The Charlotte-Mecklenberg school district blazes another trail: making teacher lay-off decisions based on performance evaluations, not seniority. If that raised your eyebrows, prepare to have them meet your hairline. For coupled with these cutbacks, the district is also looking to hire 100 more Teach For America alums to fill its classrooms, and favoring TFA hires with satisfactory evaluations over more senior teachers. "The idea was that we have a relationship with these folks [TFA teachers] who are in the toughest schools and situations," explained school board member James L. Ross II. "We could build that long-term if these people can stick around." Kate Walsh, president of the National Council on Teacher Quality, offers a sage comment on the situation: "The unions need to be asking themselves why is it superintendents would even consider a strategy which looks so patently unfair to veteran teachers. They've got to come to grips with the fact that TFA is clearly bringing something to the table that other teachers do not appear to be bringing." Kudos to Charlotte for saying, "Bring it on."
"N.C. District Lets Go of Veteran Teachers, But Keeps TFA Hires," by Stephen Sawchuck, Education Week, June 12, 2009 (subscription required)
The end of free public schools?
Tough economic times mean looking for creative ways to stay in the black. For schools short on options, this often means simply asking parents to pitch in a few coins, a practice widely seen on both sides of the Atlantic. Unfortunately, some British parents say these "voluntary" contributions are not voluntary at all--and they're feeling bullied by the schools' heavy-handed tactics. "Our accounts indicate you have not made a contribution," reads one letter from school to parents. "Our records indicate you have not contacted us," reads another. And if there's no room in one's family budget for educational generosity? You'll have to explain yourself to school leaders: "We always invite parents to write us to explain their circumstances and propose an alternative." But why are parents giving in? Because not paying means running the risk that their child will be excluded from school activities--or that a younger sibling won't get into the same secondary school as an older brother or sister. The schools are even demanding money from the pupils themselves. "If you try to evade paying," threatened one letter to a teenage boy, "then your sixth-form privileges will be removed." And they were (he was banned from the school common area), until the hassled lad used his Christmas money to satisfy his "voluntary" obligation. Since no system monitors how money is requested, there's no way to know how much schools are demanding--or receiving or spending. We know budgets are tight, but let's not redefine "optional" to mean "compulsory." Let's hope this trend doesn't cross the pond.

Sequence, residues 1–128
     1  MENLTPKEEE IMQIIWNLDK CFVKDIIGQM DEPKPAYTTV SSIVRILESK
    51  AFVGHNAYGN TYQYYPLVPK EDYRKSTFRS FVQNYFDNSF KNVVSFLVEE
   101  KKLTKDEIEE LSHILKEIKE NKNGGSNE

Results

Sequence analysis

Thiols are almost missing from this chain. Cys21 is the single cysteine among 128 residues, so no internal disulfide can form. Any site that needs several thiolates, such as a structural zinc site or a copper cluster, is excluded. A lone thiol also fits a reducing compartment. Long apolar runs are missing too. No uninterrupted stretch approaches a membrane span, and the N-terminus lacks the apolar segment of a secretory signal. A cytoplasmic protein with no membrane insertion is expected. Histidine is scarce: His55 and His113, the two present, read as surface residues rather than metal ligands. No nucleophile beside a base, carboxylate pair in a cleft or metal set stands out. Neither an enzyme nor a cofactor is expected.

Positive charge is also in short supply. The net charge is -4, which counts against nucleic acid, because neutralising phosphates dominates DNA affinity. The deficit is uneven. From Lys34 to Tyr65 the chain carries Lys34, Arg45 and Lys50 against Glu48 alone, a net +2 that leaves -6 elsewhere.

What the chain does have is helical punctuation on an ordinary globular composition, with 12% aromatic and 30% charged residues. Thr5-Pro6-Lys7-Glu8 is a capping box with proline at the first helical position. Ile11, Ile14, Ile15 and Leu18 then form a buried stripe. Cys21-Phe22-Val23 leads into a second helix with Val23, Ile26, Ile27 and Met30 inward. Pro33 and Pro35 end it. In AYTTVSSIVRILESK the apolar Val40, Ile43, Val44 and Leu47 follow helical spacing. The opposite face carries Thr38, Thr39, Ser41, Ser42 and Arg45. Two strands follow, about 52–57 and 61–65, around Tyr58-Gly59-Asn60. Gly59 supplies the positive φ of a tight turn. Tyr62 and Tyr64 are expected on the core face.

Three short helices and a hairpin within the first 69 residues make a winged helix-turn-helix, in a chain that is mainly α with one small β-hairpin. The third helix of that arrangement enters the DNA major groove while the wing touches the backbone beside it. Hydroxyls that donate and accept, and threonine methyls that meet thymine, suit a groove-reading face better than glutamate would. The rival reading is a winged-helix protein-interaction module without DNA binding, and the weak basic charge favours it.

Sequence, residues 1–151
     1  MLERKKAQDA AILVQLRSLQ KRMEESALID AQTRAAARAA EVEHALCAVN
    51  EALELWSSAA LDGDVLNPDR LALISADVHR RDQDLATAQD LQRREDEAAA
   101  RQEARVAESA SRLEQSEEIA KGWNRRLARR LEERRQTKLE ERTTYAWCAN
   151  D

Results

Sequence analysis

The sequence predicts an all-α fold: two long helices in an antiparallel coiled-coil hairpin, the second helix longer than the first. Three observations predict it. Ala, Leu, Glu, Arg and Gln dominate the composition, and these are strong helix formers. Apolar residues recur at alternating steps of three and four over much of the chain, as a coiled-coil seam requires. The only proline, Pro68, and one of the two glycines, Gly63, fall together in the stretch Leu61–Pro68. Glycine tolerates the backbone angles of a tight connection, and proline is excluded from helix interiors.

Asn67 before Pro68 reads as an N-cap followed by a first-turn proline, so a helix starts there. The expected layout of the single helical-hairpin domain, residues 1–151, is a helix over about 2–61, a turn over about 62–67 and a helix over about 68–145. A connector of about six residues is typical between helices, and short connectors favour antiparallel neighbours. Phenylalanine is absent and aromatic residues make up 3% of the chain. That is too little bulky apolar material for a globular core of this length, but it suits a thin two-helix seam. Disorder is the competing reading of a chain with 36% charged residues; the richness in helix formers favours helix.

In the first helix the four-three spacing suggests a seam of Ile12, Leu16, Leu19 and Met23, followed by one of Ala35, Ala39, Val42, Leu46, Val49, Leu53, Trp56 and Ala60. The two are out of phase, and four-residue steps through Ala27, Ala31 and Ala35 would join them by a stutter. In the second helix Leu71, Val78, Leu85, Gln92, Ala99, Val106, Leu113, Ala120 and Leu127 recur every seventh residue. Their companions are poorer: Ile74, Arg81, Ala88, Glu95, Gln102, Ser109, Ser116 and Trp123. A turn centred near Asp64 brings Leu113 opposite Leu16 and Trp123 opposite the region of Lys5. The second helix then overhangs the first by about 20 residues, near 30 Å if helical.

"Serious brass," by Jessica Shepherd, The Guardian, June 16, 2009
If there's a riot in the Chino, California schools next month, blame it on…an accounting error? The state requires that pupils spend at least 54,000 minutes in instructional time each year and no fewer than 180 minutes on any one day. An end-of-year audit discovered that, on 34 days, instructional time at Dickson and Rolling Ridge Elementary Schools lasted only 175 and 170 minutes, respectively, even though both schools had exceeded the total minute requirement. Though the combined minutes lost could be made up with just a few extra days, state law says that any day under 180 minutes doesn't count at all--meaning unless both schools stay open for an additional 34 days, i.e., until July 31, the district could lose $7 million in state funds. What do the kids have to say about this debacle? Sean Cornish, age 10, sums up the general malaise thusly: "They think it's dumb, that they have to go to school for these extra days because some lady messed up." But if we think about this glass as half-full, these students might escape the typical "summer learning loss" of their peers with longer summers, though this seems a lousy way to introduce year-round schooling. Maybe someone should take advantage of this naturally-occurring experiment and find out.